Forças Populares 25 de Abril

From Wikipedia, the free encyclopedia
Jump to navigation Jump to search
Popular Forces 25 April
Forças Populares 25 de Abril
Dates of operation1980–1987
MotivesProletarian revolution in Portugal
Active region(s)Portugal
IdeologyCommunism
Marxism-Leninism
Maoism
Notable attacksRocket attack on the Royal British Club in Lisbon (with the Irish Republican Army), Attack with mortar shells at NATO facilities in Oeiras
StatusDefunct

Forças Populares 25 de Abril (English: Popular Forces 25 April) (FP 25 de Abril or FP-25) was a far-left terrorist group operating in Portugal between 1980 and 1987.[1] Most of its members had previously been active in the Revolutionary Brigades (Brigadas Revolucionárias), an armed group with links to the Revolutionary Party of the Proletariat (Partido Revolucionário do Proletariado). A total of 18 people were killed by the FP-25 as a result of armed attacks, bombings and confrontations with the police during bank robberies and escape attempts. Notable attacks included the 1984 firing of four mortar rounds at the U.S. Embassy in Lisbon and the 1985 bombing of six NATO ships, including the USS Richard E. Byrd, also in Lisbon.

The most well-known figure connected with the FP-25 was Otelo Saraiva de Carvalho.

Ideology[edit]

FP-25 Flag

The FP-25 brought together the most radical sectors of the Portuguese radical left, who were growing discontent with the development of parliamentary democracy and capitalism in post-Carnation Revolution Portugal. In the organization's "Manifesto ao Povo Trabalhador" or "Manifesto to the Workers" released in April 1980, the organization outlined its opposition to amendments to the Portuguese Constitution of 1976, specifically the abandonment of socialism, the abandonment of agrarian land reforms or the perceived lack of expression of the will of the people.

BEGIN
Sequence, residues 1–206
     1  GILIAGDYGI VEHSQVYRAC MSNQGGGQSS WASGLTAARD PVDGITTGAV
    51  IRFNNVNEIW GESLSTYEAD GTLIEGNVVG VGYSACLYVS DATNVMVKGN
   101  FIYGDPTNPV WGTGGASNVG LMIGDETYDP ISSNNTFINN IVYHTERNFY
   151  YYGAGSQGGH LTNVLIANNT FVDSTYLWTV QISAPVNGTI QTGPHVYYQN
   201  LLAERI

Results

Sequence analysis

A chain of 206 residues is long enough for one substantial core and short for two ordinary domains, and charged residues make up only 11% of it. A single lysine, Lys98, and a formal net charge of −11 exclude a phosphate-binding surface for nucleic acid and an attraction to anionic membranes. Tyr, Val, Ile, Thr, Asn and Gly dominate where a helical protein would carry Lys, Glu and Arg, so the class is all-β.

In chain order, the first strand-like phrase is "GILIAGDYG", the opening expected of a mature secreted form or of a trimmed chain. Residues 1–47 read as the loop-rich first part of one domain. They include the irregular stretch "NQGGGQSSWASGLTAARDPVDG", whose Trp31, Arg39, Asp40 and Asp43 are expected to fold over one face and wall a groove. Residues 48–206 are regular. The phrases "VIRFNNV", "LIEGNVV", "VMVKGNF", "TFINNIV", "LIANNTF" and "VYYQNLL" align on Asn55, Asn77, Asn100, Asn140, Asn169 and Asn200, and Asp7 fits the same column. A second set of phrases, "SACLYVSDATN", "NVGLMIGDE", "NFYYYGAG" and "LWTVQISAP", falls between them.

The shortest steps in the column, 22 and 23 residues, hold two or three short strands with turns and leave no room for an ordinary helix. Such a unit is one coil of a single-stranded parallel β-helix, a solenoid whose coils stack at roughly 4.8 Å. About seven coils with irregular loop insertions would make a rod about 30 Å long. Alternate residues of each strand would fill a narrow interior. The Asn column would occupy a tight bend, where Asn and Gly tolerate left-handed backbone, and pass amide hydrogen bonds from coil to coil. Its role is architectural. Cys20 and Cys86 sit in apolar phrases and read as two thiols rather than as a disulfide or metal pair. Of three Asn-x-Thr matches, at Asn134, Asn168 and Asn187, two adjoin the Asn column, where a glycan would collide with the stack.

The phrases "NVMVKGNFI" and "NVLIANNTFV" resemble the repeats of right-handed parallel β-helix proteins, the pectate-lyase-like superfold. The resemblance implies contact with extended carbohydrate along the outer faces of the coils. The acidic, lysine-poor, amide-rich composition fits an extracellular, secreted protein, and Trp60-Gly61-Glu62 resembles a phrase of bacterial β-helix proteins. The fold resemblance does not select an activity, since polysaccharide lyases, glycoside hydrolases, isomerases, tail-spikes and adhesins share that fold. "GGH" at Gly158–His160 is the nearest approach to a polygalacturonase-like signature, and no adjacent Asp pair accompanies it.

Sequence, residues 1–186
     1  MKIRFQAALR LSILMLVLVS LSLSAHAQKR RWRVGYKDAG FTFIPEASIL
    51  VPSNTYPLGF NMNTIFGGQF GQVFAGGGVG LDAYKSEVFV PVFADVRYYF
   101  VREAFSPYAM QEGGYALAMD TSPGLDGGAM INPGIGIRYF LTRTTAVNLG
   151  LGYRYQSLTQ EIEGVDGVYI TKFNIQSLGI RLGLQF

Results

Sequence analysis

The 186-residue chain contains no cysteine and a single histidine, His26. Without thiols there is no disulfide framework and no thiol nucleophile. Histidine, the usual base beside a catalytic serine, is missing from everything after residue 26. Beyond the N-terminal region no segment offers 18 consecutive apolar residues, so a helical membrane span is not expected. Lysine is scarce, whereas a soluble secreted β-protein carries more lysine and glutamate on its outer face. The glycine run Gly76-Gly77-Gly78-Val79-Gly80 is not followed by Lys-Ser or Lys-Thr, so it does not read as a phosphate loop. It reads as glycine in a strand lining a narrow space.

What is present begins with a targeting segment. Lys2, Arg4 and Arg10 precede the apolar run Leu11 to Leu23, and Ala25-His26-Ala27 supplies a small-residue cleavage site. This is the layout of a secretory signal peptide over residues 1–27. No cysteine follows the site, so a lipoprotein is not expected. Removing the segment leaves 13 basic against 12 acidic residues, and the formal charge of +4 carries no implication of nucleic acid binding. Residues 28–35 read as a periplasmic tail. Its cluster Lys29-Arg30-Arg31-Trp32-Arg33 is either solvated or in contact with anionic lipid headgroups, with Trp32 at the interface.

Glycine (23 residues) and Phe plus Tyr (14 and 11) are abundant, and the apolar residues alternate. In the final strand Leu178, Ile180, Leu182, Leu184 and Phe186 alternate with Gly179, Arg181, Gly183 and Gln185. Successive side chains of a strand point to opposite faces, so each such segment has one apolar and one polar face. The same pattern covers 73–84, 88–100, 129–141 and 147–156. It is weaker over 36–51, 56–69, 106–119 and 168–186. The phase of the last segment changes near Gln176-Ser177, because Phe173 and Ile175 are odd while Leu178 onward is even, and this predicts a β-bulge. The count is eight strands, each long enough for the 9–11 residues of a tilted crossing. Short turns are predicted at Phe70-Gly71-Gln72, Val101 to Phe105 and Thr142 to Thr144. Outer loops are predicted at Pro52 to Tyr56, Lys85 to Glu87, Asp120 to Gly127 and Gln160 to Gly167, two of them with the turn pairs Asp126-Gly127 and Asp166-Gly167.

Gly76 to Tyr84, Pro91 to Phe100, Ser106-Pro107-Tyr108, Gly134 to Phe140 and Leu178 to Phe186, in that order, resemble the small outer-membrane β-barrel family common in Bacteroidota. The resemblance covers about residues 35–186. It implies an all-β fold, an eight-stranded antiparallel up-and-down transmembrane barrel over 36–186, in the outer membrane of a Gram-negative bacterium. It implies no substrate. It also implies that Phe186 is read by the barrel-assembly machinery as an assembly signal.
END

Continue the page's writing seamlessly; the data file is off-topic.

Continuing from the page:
Opposing the political realities of the time, the FP-25 proposed a model of popular democracy, based on popular assemblies - the so-called basismo ("basism") ou conselhismo ("councelism"), similar to the Libyan or Cuban revolutions. It also defended the non-alignment with either side of the Cold War as a necessary condition to the implementation of socialism in Portugal.

The nature of the armed actions and terrorist attacks showed a preoccupation with different causes: political, economic, environmental, solidarity with other terrorist groups and support of FP-25 militants that had been arrested. The group unsuccessfully tried to intimidate the population, provoke a general revolt and raise a popular army.

Their constant operations of "recovery of funds" (i.e. bank robberies, the main source of funding) and their political and media isolation led the FP-25 to be seen by most Portuguese as no-more than a criminal gang.

Foreign links and funding[edit]

Although the FP-25 tried to obtain the support of foreign governments for funding and logistical support, it seems that the majority if the group's financing came from the above-mentioned "recovery of funds". Still, some governments (especially Mozambique) did grant some support, for instance giving sanctuary to militants escaping the Portuguese authorities.

The FP-25 also tried to collaborate with other terrorist groups, namely the IRA and the ETA, the latter being confirmed that there were exchange of weapons and technical know-how.

References[edit]

  1. ^ "Terrorist Organization Profiles - START - National Consortium for the Study of Terrorism and Responses to Terrorism". Retrieved 11 February 2015.